Annie Smith Peck (1850-1935)
By Olivia Rye, Publishing Support Assistant
‘’A woman who has done good work in the scholastic world doesn’t like to be called a good woman scholar. Call her a good scholar and let it go at that […] I have climbed 1,500 feet higher than any man in the United States. Don’t call me a woman mountain climber’’
– Annie Smith Peck, quoted in The New York Times, June 3, 1911.
Annie Smith Peck was a leading mountaineer, archaeologist, suffragist and founding member of the American Alpine Club.
Born in 1850 in Providence, Peck had hoped to pursue the same course as her older brothers, entering into academia through the hallowed halls of Brown University. Brown’s doors were firmly closed to women at this time, an inequality that affected Peck deeply. Unrelenting, she forged another path, moving to Michigan to teach, and enrolling to study Classics at The University of Michigan when she was 27. She lectured widely, proving her worth as a scholar, moving to Europe to further her education in Hannover and Athens, and becoming the first woman to be admitted to the American School of Classical Studies at Athens.
In the mountain ranges of Europe, Annie Smith Peck found her second passion. She began scaling peaks in the Alps and Dolomites in the late 1800s, culminating in a successful ascent of the Matterhorn in 1895. It was widely reported in the press that Peck had worn trousers, for her climb, prompting public debate about the practicalities of female dress, and more widely, what was acceptable behaviour and activity for women. In the early 1900’s she openly competed with contemporary mountaineer, Fanny Bullock Workman, for altitude world records in South America. She closely missed out on the accolade, but this very public display of competitive physical endurance, confirmed the capabilities and determination of female athletes and explorers to the American newspaper readership. She climbed her last mountain at the age of 82.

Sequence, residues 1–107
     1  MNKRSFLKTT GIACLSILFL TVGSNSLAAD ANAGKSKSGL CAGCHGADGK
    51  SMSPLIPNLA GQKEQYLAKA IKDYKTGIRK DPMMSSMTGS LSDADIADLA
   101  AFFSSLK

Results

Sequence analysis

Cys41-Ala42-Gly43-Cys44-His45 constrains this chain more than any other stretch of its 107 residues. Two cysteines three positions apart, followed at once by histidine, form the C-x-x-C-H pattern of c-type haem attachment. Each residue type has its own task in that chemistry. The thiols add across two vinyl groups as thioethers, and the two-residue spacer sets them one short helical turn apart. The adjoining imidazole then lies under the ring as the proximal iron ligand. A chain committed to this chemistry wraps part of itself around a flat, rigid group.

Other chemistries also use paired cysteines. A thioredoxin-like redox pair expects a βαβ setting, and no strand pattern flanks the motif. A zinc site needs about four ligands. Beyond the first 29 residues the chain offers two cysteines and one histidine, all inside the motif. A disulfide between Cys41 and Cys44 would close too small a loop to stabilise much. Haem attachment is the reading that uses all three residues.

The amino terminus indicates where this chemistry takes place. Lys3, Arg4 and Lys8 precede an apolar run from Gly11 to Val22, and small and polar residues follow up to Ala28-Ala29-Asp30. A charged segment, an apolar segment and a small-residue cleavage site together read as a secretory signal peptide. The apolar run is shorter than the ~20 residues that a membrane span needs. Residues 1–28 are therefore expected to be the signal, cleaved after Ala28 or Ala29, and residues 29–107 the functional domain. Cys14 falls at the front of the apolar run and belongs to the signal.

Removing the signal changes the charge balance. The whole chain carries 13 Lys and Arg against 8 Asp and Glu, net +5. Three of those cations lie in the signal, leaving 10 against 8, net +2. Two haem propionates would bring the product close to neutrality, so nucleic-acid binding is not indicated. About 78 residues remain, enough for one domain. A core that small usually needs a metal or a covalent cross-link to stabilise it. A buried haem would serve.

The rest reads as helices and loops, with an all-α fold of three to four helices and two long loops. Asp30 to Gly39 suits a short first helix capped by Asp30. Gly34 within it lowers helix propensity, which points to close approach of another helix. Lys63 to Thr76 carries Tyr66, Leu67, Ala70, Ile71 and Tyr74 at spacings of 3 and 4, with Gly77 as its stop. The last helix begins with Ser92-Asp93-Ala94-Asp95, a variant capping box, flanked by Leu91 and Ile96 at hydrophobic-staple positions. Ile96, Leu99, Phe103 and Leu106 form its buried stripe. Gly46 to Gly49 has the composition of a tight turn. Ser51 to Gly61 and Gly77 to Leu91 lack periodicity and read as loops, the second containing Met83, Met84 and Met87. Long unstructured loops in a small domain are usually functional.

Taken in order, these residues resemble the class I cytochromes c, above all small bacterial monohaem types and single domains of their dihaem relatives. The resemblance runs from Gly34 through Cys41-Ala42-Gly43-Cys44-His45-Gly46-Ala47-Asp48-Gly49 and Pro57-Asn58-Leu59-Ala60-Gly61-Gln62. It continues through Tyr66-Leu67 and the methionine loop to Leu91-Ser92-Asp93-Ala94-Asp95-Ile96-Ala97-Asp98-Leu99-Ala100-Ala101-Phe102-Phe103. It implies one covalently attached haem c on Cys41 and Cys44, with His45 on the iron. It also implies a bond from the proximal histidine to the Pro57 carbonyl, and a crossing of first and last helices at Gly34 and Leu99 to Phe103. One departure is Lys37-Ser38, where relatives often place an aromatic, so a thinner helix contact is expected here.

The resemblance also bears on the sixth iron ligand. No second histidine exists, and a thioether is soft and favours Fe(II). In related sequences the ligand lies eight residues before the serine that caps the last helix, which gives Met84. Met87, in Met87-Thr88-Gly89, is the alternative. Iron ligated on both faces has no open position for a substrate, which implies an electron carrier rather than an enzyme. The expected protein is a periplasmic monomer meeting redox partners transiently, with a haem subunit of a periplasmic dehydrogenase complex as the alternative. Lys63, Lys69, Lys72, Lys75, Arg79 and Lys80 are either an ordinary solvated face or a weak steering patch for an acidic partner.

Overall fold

Peck’s ability to provoke discussion marks her as a uniquely radical figure in the fight for women’s rights. She confronted the inequalities she faced head-on, in both actions and words, exploiting her position in the public eye to challenge convention and promote the causes she believed so strongly in. Most famously, in 1911, at the age of 61, Peck raised a ‘Votes for Women’ banner on the Peruvian Peak of Mount Coropuna. An astute media manoeuvre that brought the attention of the world’s press to both the cause of women’s suffrage, and her own physical achievements, dispelling the arguments of the anti-suffragists in one fell swoop.
Annie Smith Peck was a media darling in her day, her legacy forgotten, and rediscovered again more recently. Her exclamation ‘don’t call me a woman mountain climber’ rings as true today as it did 107 years ago, and in 2018 women still struggle to be recognised, distinct of their gender, for their amazing feats of physical endurance and strength. Annie Smith Peck was a pioneering mountaineer, an accomplished scholar and a successful writer, and we should, as she remarked, ‘let it go at that’.
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